Bird of The Week: The Northern Royal Albatross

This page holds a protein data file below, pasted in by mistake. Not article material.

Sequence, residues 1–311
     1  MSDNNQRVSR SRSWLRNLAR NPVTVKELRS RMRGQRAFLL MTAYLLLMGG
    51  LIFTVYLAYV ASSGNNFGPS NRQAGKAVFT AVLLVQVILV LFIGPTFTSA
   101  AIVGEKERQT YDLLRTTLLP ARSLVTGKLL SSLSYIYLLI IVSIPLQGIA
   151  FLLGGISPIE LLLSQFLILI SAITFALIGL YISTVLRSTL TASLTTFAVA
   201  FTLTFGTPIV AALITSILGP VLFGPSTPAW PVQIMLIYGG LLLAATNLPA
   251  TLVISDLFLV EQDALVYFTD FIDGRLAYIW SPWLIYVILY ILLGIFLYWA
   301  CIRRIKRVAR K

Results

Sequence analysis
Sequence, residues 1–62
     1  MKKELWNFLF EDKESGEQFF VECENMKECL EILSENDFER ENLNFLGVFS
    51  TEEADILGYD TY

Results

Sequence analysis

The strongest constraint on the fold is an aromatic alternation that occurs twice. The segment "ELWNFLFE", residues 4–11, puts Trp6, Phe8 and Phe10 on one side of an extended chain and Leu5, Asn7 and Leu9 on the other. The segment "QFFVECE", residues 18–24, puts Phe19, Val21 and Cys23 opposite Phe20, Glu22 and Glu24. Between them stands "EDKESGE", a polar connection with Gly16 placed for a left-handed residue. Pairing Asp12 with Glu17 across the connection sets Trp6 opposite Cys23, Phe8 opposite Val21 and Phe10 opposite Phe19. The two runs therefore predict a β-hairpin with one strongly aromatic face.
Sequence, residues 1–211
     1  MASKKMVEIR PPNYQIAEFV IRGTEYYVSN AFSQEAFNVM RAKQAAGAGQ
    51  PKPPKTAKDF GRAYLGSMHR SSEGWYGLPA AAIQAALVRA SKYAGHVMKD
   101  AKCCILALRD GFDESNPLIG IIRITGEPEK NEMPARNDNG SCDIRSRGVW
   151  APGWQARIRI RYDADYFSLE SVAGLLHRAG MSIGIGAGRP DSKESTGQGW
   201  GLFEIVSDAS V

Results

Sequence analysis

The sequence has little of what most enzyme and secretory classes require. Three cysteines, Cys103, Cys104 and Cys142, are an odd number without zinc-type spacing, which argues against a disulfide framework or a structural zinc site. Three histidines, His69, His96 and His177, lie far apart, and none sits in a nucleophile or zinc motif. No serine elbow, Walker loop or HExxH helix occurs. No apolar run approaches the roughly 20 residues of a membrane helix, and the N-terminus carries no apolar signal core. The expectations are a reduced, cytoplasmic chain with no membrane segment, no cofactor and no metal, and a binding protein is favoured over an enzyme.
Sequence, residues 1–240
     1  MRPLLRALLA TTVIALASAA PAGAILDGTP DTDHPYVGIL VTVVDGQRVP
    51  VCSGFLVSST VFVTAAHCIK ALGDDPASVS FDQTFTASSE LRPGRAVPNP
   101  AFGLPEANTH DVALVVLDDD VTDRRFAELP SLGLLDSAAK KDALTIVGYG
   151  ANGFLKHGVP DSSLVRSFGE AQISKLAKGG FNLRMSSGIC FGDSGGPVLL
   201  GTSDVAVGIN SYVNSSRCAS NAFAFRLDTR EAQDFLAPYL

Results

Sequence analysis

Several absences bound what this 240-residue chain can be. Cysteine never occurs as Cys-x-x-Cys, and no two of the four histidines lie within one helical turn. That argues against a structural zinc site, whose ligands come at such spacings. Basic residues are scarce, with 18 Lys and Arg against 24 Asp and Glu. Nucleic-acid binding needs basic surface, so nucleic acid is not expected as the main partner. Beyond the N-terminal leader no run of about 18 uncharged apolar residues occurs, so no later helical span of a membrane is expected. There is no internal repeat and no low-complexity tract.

Hello, Reader. Welcome to another "eventful" week at The Bird Inspector. Today I'd like to introduce you to the Northern Royal Albatross. Now, I don't want to insult you, Reader, by breaking down its Taxonomy, because if I'm being honest, it's pretty obvious. Their naricorns are attached to their upper bill and they produce stomach oil made from wax esters and triglycerides that are stored in the proventriculus. If that doesn't spell out the Diomedeidae family to you, Reader, than I'm not sure what does. Fun fact about these guys: in the scientific community they're often regarded as "Dirty Little Squid Eaters", and that's not something I'd lie to you about either. Squid makes up about 85% of their diet. I don't know about you, Reader, but a good rule of thumb that I like to follow is you are what you eat. If this is true than a Royal Northern Albatross is 85% squid and about 15% fish, cephalopod, and crustacean, which makes it the first bird in existence to actually be 0% bird.
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